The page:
Tonight I downloaded a free DVD player and watched The Royal Tenenbaums.  I hadn’t seen this movie in years, and its immersion in a specific period of time in my life meant, of course, that it brought some very old thoughts and emotions to the surface.  When I was watching this movie for the first and seventh and eightieth time, I was at college, my friends’ marriage was dying, and I was as alone as I have ever felt in my life.  The despair in Richie’s eyes was most familiar.  I used to lie on my stomach on the cool gray tiles of my dorm room and make slicks of tears.

The characters in this movie are all — and this was my favorite metaphor — walking on broken legs, and I spent some/enough days feeling like I was walking on broken legs, too.  Wow.  The huge presence of sadness, and the strange beauty that supports the sadness so you can walk all inside it, were, just as God was, closer to me than breathing, and nearer than hands and feet.  I wrote papers, too, rode my bike to coffee shops and went to parties and Sacred Harp singings and talked to my mom on the phone, but the predominant tone of most of my junior and senior years at college was this dark room with shafts of light falling in like the play of light and shadow in water.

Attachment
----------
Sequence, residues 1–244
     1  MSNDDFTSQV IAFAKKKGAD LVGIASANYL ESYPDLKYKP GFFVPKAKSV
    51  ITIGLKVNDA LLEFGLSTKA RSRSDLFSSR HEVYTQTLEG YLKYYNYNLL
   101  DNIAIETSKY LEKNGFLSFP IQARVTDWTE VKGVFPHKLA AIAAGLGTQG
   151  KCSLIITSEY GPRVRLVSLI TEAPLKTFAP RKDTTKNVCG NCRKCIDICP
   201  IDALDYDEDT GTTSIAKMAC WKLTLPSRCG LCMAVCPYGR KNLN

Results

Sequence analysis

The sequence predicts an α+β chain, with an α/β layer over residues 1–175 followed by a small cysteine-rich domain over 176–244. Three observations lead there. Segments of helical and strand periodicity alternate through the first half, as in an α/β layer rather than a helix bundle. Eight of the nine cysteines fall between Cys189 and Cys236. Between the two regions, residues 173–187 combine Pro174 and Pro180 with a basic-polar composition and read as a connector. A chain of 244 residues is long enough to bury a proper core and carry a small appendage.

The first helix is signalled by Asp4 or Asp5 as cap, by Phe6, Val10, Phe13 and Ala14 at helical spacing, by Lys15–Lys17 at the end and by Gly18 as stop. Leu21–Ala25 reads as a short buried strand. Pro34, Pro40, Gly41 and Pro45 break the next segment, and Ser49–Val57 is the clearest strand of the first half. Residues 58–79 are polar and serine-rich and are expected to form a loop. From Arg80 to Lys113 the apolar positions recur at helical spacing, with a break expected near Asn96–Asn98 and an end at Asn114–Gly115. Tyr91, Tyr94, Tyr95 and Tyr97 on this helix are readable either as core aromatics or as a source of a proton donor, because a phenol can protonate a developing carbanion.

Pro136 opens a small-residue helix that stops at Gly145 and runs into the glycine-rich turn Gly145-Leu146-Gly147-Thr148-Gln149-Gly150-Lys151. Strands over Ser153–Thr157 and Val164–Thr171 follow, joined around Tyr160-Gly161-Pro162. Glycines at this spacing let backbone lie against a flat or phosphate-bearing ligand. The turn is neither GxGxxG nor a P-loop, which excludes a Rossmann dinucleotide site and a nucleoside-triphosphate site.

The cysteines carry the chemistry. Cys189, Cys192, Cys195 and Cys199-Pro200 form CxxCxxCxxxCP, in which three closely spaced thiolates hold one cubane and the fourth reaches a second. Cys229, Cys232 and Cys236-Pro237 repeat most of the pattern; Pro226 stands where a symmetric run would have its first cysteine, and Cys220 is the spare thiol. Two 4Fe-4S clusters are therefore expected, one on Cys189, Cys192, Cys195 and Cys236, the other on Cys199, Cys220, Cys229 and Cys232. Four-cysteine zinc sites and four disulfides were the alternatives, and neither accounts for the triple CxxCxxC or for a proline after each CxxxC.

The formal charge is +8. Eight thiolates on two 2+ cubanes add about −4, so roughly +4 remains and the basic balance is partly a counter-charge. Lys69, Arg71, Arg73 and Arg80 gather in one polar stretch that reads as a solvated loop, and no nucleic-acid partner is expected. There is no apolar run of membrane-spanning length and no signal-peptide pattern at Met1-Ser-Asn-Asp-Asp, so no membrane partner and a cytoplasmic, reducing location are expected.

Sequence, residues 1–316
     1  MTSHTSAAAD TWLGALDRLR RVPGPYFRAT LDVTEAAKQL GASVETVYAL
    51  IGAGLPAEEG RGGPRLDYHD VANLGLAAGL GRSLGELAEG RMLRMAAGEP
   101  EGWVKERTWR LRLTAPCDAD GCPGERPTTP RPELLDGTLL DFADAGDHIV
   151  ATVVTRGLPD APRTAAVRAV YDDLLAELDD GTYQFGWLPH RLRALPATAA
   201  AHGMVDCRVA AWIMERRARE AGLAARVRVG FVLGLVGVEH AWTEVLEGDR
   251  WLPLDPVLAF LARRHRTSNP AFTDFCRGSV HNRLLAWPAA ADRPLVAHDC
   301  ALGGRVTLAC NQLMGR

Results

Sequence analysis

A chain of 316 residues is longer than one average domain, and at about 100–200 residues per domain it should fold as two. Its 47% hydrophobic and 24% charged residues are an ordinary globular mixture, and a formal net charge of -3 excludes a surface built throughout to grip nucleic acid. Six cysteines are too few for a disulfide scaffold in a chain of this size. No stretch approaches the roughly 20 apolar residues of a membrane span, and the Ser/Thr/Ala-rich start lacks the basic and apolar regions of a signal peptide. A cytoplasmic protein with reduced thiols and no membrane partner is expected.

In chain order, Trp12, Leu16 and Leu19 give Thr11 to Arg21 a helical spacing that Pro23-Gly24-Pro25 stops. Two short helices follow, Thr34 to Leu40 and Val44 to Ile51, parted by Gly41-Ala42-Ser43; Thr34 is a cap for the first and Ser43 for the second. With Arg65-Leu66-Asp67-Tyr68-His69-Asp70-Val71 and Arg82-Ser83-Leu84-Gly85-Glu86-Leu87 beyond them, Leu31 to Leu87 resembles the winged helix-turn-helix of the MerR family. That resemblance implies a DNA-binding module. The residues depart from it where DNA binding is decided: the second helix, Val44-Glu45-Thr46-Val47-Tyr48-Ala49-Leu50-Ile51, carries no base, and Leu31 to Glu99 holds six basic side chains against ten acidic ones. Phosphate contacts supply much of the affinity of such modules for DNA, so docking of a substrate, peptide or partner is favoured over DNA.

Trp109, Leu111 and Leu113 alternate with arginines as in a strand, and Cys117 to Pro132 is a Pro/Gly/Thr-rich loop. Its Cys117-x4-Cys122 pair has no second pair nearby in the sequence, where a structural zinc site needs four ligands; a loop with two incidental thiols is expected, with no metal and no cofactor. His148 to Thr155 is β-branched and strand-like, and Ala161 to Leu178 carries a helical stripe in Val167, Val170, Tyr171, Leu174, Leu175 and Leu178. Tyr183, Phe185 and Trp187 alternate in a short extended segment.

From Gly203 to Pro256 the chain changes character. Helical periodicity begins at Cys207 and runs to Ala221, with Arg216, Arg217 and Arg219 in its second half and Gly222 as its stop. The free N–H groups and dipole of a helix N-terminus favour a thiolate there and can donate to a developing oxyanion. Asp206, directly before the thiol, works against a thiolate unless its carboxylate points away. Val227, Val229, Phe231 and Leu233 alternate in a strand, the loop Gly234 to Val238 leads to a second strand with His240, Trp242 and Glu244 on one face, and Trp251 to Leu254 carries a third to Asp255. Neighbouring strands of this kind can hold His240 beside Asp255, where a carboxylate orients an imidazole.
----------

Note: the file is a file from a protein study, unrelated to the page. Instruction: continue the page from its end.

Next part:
I’ve been mostly happy, for a while, now.  What a revelation, is happiness.  What a ray of light, is Marshall.  The long loyalty, the kiss, the lashes on the cheek, the knowing glance, the shock of mutual vulnerability.  But the beauty of happiness, even mostly-happiness, is of a different sort than the beauty of sadness, and we are to suppose that each sort is only a facet of a unified beauty, who is God.  I believed this then, and I believe it now.  How strange to remember all those nights and days, now, when I’ve been watching a different sun set and rise on my days.  I’m relieved to find that I have so much compassion for myself, in that time.

Maybe this time, with its particular character that I haven’t fully understood, will come to a close as every other time has.  Maybe the broken bones of this time (of course there are some) will be set in five years, the way the bones of five years ago are being set, now.  God is teaching me how to have compassion (and patience) for the present time, I think.  I’m such an emotional paraplegic of course but I am, I think, learning this.